The American Recovery and Reinvestment Act of 2009 was the landmark US$787 billion economic stimulus package intended to jumpstart the ailing U.S. economy. While it contained a variety of elements, one of the more controversial clauses was the "Buy American" stipulation. In order to qualify for government contracts, U.S. companies were obligated to buy only from American suppliers and manufacturers.
As both the U.S. and Canada rely heavily on exports between the two nations, "Buy American" was met with strong opposition from both American and Canadian business. Supporters of the clause argued that America needed to boost sales and manufacturing at home. Opponents noted that supply chains north and south of the border are so intertwined that all parties involved would be hurt, not improved.
After months of deliberation between the nations, a multi-faceted trade deal has been reached between Canada and the U.S. All though yet to be fully ratified (the U.S. requires an executive order while Canada requires each province and territory to sign, as well as the federal cabinet), the agreement reflects the spirit of cooperation that has long existed between the two neighbours.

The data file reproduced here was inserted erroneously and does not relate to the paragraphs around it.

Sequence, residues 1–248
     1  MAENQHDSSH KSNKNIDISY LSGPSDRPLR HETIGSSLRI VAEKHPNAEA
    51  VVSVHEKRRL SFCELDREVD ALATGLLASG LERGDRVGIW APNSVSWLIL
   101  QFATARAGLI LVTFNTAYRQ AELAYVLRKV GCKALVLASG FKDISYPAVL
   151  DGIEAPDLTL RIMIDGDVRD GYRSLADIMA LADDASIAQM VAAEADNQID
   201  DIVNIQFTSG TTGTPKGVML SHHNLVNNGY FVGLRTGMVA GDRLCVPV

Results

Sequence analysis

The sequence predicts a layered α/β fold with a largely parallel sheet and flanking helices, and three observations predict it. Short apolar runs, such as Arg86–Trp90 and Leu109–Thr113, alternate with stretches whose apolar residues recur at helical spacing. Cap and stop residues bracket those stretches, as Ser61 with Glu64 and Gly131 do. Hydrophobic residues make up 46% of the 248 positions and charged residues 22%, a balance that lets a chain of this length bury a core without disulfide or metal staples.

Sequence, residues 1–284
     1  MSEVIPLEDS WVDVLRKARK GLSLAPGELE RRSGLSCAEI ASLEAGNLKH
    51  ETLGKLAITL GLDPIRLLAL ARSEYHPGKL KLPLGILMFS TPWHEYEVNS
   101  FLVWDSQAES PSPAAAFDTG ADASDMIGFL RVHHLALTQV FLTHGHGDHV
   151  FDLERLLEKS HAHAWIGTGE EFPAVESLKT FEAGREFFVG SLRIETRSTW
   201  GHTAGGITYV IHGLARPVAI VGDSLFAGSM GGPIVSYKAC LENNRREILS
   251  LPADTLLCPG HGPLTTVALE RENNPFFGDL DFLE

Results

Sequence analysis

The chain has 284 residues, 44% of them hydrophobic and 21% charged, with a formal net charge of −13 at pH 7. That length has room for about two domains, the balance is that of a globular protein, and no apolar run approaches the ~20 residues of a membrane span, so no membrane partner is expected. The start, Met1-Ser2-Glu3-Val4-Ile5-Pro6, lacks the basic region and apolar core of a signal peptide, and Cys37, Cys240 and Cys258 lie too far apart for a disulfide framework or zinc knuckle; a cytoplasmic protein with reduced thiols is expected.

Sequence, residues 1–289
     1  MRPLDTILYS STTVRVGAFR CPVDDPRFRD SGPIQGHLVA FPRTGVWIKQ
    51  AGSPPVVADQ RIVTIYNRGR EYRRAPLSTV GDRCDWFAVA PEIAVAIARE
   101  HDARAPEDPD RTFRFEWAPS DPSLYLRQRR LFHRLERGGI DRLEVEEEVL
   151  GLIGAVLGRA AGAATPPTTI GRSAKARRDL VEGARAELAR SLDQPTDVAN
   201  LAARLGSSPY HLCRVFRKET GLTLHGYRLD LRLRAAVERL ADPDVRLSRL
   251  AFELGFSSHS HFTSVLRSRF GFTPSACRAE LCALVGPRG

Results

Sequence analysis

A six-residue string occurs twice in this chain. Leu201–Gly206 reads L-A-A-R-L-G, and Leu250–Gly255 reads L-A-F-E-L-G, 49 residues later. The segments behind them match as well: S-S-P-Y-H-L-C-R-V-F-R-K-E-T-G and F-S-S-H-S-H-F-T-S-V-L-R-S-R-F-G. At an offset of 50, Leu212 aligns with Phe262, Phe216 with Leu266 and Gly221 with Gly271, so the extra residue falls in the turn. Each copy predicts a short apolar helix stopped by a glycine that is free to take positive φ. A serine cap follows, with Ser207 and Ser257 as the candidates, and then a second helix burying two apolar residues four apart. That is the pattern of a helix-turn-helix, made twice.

Canadian companies will now be able to bid on procurement contracts in 37 U.S. states. Similarly, U.S. suppliers will receive reciprocal access to provincial procurement. As the possibility of future U.S. federal funding is quite realistic, the current deal contains a commitment to fast-track negotiations on possible "Buy American" stipulations.
As a result of this reaffirmation of the strong links that connect the two nations, talks in Canada of promoting "Buy Canadian" retaliatory actions have been suspended.
Rather than just looking at what's good for each other, both Canada and the U.S. have agreed that maintaining the long-standing friendship will have a positive payout for both countries.
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